|What is it?||Prickly pear seed oil is the oil pressed from the seeds of the prickly pear cactus. It is a premium (aka expensive) carrier oil. It is comprised of mostly linoleic acid, oleic acid, and palmitic acid. It can also be known as Indian fig oil, cactus pear oil, and barbary fig oil.|
|INCI||Opuntia ficus indica seed oil|
|Appearance||Yellow to green liquid oil|
|Usage rate||Up to 100%|
|Scent||Typical of oils|
|Approximate Melting Point||I didn’t find a melting point specific to prickly pear seed oil, but it is approximately 60–70% linoleic acid and the melting point for linoleic acid is -5°C (23°F). I store my bottle in the fridge and it does not solidify.|
|Why do we use it in formulations?||Because Prickly Pear Seed Oil is so expensive it is typically limited to products where it can really be appreciated—usually serums or facial lotions (the idea of putting it in soap or a cleansing oil makes my heart hurt!).
We use prickly pear seed oil as an emollient, and it can be especially beneficial for sensitive and/or dry skin due to the high linoleic acid content.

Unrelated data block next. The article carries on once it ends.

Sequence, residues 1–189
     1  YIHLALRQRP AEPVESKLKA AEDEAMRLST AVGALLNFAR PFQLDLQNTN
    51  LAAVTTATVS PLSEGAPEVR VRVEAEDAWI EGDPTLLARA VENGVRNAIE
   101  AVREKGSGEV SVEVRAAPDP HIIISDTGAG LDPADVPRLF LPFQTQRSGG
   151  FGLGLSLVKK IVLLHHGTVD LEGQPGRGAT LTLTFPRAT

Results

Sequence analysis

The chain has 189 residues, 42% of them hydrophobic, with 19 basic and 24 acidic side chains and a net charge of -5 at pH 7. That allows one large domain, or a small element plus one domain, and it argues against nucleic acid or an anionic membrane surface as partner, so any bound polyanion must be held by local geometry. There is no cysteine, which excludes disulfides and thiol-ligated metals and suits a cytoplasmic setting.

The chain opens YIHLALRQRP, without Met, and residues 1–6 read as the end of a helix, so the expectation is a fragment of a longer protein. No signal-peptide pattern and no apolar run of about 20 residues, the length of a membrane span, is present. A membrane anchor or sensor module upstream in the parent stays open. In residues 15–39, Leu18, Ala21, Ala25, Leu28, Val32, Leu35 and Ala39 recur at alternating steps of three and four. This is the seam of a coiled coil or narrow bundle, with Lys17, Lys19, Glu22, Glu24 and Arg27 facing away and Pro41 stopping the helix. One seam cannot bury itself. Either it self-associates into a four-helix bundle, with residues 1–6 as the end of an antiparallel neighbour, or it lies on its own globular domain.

|Do you need it?||No|
|Refined or unrefined?||Unrefined is preferable|
|Strengths||Prickly pear seed oil is a lovely emollient.|
|Weaknesses||It is hella expensive.|
|Alternatives & Substitutions||Look for oils rich in linoleic acid and oleic acid as those two oils can comprise up to 80% of prickly pear seed oil. In terms of oils with similar fatty acid composition, wheat germ oil, baobab seed oil, passionfruit oil, amaranth oil, cotton oil, and quinoa oil can be a good alternatives.|
|How to Work with It||Include it in the oil phase of your recipes, avoiding heat if possible.|
|Storage & Shelf Life||Stored somewhere cool, dark, and dry, prickly pear seed oil should last up to two years. I recommend refrigerating it due to the high price.|
|Tips, Tricks, and Quirks||It takes approximately 1 ton of fruit to produce 1L of prickly pear seed oil.
The Opuntia cactus features in the Mexican Coat of Arms.
|Recommended starter amount||30mL (1fl oz) or less|
|Where to Buy it||Buy it from an online DIY ingredient supplier or Amazon.|